What’s in a Name?
I live in Southern New Hampshire in a town that used to be part of Massachusetts. Borders changed a lot back in the day. The area I’m likely saw many turf wars between the Pennacook and Abenaki over the centuries. Both tribes were part of the Webanaki Confederacy. Webanaki means “People of the Dawn Land” because, well you know, they lived along the Eastern coast. I think we should adopt that name again, both to honor the native population we displaced and frankly because it’s way cooler than “Yankee”.
The name “New Hampshire” didn’t come along until 1629, when Captain John Mason, previous Governor of Newfoundland, split Northern New England with another well-connected gent named Captain Gorges and named the region between the Merrimack River and the Piscatagua River – you guessed it – New Hampshire. Back then explorers and settlers didn’t venture too far into the wilderness, so Mason wasn’t envisioning the shape of the Granite State back then. In fact, he never set foot in New Hampshire. He died before he could sail over to check out his new stomping grounds. But plenty of other folks did. And of course, this brought violent conflict and atrocities hard to imagine today.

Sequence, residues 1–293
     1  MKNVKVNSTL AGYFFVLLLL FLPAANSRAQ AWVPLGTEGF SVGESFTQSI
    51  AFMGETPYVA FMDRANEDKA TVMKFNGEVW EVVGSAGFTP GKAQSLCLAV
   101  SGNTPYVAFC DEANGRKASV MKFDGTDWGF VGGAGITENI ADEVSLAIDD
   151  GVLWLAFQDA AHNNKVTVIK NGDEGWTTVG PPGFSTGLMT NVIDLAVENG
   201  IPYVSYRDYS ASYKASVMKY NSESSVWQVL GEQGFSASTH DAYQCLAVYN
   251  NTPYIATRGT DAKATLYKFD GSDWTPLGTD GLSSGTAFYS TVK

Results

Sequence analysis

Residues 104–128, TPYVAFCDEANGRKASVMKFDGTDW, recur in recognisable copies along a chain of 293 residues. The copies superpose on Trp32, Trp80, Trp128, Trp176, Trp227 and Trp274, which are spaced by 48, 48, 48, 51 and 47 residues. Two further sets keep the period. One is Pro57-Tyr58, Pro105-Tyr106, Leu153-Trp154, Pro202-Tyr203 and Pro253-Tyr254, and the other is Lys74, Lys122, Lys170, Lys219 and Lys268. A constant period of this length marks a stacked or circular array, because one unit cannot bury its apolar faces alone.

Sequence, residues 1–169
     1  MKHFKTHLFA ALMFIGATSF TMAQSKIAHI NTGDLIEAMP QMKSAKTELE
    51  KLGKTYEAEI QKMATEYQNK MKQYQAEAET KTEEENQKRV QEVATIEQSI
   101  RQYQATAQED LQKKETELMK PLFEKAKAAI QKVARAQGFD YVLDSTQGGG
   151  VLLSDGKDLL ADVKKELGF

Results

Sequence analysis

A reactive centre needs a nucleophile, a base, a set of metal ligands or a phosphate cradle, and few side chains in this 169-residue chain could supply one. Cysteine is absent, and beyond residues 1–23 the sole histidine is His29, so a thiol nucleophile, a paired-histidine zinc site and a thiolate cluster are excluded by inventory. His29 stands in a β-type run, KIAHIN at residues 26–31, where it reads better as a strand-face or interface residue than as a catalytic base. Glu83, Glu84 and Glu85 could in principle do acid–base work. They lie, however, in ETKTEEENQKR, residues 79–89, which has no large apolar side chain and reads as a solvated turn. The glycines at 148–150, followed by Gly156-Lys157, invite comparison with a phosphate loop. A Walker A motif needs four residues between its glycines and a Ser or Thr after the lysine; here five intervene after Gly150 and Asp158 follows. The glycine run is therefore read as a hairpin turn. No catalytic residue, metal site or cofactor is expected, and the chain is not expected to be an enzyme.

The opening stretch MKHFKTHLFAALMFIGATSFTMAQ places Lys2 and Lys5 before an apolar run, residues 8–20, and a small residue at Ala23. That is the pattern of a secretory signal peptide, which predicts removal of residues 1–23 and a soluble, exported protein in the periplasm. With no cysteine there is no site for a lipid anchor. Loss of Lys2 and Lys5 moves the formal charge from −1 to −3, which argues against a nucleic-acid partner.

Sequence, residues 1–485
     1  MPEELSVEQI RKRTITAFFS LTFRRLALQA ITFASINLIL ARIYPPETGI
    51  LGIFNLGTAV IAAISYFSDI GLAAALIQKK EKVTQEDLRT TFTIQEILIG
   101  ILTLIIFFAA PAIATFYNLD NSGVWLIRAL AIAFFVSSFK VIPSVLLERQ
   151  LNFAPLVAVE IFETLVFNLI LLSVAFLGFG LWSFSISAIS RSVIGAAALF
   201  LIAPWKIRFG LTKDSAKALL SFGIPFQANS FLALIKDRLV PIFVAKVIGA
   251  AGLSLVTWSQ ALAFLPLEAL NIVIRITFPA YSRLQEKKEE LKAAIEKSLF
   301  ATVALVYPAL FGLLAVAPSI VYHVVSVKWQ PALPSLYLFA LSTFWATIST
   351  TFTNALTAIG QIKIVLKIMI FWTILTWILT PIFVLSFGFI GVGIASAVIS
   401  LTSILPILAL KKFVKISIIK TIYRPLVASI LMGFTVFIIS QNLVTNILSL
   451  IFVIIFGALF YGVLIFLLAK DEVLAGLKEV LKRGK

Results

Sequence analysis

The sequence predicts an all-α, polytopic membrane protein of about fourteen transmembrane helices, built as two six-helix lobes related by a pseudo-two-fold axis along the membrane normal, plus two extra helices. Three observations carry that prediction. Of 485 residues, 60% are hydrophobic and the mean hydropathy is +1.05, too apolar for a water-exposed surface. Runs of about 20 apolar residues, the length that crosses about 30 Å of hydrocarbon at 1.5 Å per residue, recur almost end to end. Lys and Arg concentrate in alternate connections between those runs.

There are hints to the past if you look closely enough. Massacre Marsh in Rye, NH marks the site of a raid that killed 13 settlers. Worlds End Pond in Salem NH once marked the end of civilization and the edge of the vast northern wilderness. The Dustin Garrison in Haverhill MA was built to defend the region from Indian Raids. It was a harsh, unforgiving world. The people who settled here had to be tough, resourceful and resilient, or they simply didn’t survive.
The name New Hampshire wasn’t an accident. Mason had lived in Hampshire, England and it probably seemed like a logical choice to tack on New. And the New World was looking for settlers, and naming the region after places familiar to the population back in the Old World was a nice marketing trick designed to entice settlers to drop everything they knew, risk life and limb sailing across the North Atlantic and find a piece of land to clear and farm. And hopefully grow some food, hunt some game and fend off raids, wars and the brutal cold of winter long enough to put down roots. New Hampshire, Nova Scotia, New Brunswick, New France, New England… and on. Most people never think about the names of the places they live, or the life and death struggles of the people who came before us. The bones of the past are all around us, if we only open our eyes to see.